water keg

Joined
May 3, 2017
Messages
143
#21
Again the barrel depicted is a British Naval keg or cask, regardless of what the museum has on it. The museum collection was assembled in the late 1900s when knowledge of what we now know was limited. We used to go to the Medical Museum and depict ACW soldiers and the last time I was there that barrel was absent and it is no longer on their digital tour. The barrels beneath the ambulances were simple affairs and pictures that I have seen show 2 and 4 banded kegs without feet. There has been much confusion regarding these "hospital" casks.

boer-war-1899-serving-rum.jpg


royal-navy-grog-channel-fleet-1907-keg.jpg
Thanks for your info. Back to the search.
 

(Membership has it privileges! To remove this ad: Register NOW!)
Joined
Jul 28, 2015
Messages
3,060
#22
I have been trying to get a handle on how water was provided and transported during the CW. There is no shortage of information on food stuff and equipment but water seems to be too mundane to research. The reality is that water would have been more important than food for survival, especially when you consider the effects of the heat.

Obviously foot soldiers would fill their canteens at every available brook, stream etc. But much larger quantities would be needed for cooking, hospitals etc.

I often see water "barrels" as the catchall term for everything, but in fact, barrels were designed to hold dry goods not fluids. Cask's were built so at to not leak and held a variety of liquids.

One photo I found on the net was this ambulance water cask.

Has anyone else looked into this topic?
A stream or river supplied water to soldiers either in camp or on the march. Most camps would be situated very close to a source of water. One of the reasons for the high disease rate was the fouling of the water by troops. You would be very surprised at how many streams and rivers there are in ACW campaign regions, on the march a member of a squad would fallout with the complement's canteens, fill them and catch up. You read where marches are broken up, by allowing the men to periodically rest near a water source, again not all of the men would fill individual canteens, but one of the squad would fallout and fill them. Cooking was the same, chances are the line of march would halt near a water source and if not, canteen water would suffice for the mess. A mess consisted of 4 to 6 men who would combine their resources to produce a meal.

You will also find that ACW cooking did not require a substantial amount of water. Coffee was the main concern.
 
Last edited:
Joined
Sep 19, 2009
Messages
628
Location
Iowa
#24
I have read that the Barrel chimney's were lined with mud which would crack and allow the barrel to catch fire.
Different soil and how wet the mud was would effect how much it shrinks and the ability of the plasterer, would effect how long it would last. some early log cabin chimney were with a square frame of wood lined with clay.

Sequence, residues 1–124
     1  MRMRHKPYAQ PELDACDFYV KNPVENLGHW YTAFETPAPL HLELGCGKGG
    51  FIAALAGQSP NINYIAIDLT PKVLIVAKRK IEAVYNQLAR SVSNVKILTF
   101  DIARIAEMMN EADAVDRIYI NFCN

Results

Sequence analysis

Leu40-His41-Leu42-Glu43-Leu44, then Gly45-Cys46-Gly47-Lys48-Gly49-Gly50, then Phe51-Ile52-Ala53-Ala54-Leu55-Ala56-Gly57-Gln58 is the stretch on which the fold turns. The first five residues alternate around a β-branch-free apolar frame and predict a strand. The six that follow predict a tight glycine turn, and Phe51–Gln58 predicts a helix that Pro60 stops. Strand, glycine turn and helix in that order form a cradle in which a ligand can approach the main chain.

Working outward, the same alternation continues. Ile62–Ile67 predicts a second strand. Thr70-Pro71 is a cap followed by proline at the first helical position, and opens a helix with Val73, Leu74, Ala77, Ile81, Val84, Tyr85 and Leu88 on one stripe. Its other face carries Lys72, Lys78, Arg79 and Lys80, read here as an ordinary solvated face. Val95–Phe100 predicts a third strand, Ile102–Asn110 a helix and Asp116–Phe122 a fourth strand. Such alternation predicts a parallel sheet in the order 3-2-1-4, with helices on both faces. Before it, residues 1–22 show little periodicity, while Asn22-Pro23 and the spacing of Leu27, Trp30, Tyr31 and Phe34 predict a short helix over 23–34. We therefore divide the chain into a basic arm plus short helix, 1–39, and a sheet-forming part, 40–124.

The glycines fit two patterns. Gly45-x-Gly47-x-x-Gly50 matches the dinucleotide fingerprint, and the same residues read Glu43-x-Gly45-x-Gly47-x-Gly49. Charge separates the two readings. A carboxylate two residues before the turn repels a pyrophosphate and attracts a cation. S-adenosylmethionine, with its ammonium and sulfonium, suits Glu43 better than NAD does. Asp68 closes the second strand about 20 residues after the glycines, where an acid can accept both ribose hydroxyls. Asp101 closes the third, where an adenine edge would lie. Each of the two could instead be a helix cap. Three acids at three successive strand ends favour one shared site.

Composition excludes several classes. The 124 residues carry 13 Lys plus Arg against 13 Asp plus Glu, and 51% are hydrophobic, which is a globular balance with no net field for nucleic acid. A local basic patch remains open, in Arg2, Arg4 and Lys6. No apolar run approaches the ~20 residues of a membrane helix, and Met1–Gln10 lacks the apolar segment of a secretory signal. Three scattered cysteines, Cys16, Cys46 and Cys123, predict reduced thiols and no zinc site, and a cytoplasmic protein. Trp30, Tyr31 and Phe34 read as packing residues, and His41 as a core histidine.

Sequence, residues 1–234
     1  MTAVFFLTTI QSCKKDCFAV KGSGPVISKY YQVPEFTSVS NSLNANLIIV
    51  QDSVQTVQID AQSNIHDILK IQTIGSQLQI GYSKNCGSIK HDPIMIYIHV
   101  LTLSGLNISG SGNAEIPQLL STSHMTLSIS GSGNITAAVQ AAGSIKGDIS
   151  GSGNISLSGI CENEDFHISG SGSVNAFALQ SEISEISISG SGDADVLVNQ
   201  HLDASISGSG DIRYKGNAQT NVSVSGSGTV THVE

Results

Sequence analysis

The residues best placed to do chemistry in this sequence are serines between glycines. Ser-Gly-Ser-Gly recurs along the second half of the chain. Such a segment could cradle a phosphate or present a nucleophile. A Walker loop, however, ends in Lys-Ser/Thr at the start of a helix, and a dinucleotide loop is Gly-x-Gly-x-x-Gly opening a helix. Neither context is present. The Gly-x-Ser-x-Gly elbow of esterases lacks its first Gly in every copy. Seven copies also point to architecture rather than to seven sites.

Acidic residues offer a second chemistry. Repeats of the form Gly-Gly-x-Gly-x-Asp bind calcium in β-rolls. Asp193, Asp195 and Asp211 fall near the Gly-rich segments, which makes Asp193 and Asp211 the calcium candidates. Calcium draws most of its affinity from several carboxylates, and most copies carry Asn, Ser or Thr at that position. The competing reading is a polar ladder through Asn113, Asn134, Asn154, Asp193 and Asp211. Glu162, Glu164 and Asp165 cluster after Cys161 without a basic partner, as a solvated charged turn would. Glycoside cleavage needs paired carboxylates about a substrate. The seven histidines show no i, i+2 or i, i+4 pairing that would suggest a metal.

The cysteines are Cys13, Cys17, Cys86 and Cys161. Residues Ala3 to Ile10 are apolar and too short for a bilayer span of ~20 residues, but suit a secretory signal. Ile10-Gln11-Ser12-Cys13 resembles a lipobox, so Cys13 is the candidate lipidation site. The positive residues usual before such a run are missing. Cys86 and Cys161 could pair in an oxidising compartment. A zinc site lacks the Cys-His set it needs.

Tom Elmore

Sergeant Major
Member of the Year
Joined
Jan 16, 2015
Messages
2,329
#27
(Thomas L. Livermore, an officer of the 5th New Hampshire, attached to the ambulance corps) Three ambulance trains, one for each division in Second Corps. Total force of ambulance corps, 13 officers, 350-400 men and 300 or more horses with a little over 100 ambulances and 10 or 12 forage and forge wagons. Each two-horse ambulance was a stout spring wagon; inside this wagon were two seats the whole length, stuffed and covered with leather. Hinged to the inner edges of each of these seats was another leather-covered seat, which could be let down perpendicularly so as to allow the wounded to sit on the first seats facing each other, or could be raised and supported horizontally on a level with the first seats, and, as they filled all the space between the first seats, thus made a couch on which three men could lay lengthwise of the ambulance. In the rear of the ambulance under each seat was a water keg with the end out and containing a faucet, which contained fresh water for the wounded.
 
Joined
Jul 28, 2015
Messages
3,060
#28
(Thomas L. Livermore, an officer of the 5th New Hampshire, attached to the ambulance corps) Three ambulance trains, one for each division in Second Corps. Total force of ambulance corps, 13 officers, 350-400 men and 300 or more horses with a little over 100 ambulances and 10 or 12 forage and forge wagons. Each two-horse ambulance was a stout spring wagon; inside this wagon were two seats the whole length, stuffed and covered with leather. Hinged to the inner edges of each of these seats was another leather-covered seat, which could be let down perpendicularly so as to allow the wounded to sit on the first seats facing each other, or could be raised and supported horizontally on a level with the first seats, and, as they filled all the space between the first seats, thus made a couch on which three men could lay lengthwise of the ambulance. In the rear of the ambulance under each seat was a water keg with the end out and containing a faucet, which contained fresh water for the wounded.
What eventually happened with the Rosecrans/Wheeling ambulance was the hanging of the water keg under the carriage and the space under the seats was occupied by stretchers. Some would retain one of the kegs under the seat and the other slung under the carriage and stretchers stowed in lieu of the keg. The Rosecrans ambulance was the most prevalent 4 wheel ambulance of the war, but is often confused with the Rucker ambulance which appeared towards the end and served to the turn of the century.
 

Similar threads




(Membership has it privileges! To remove this ad: Register NOW!)
Top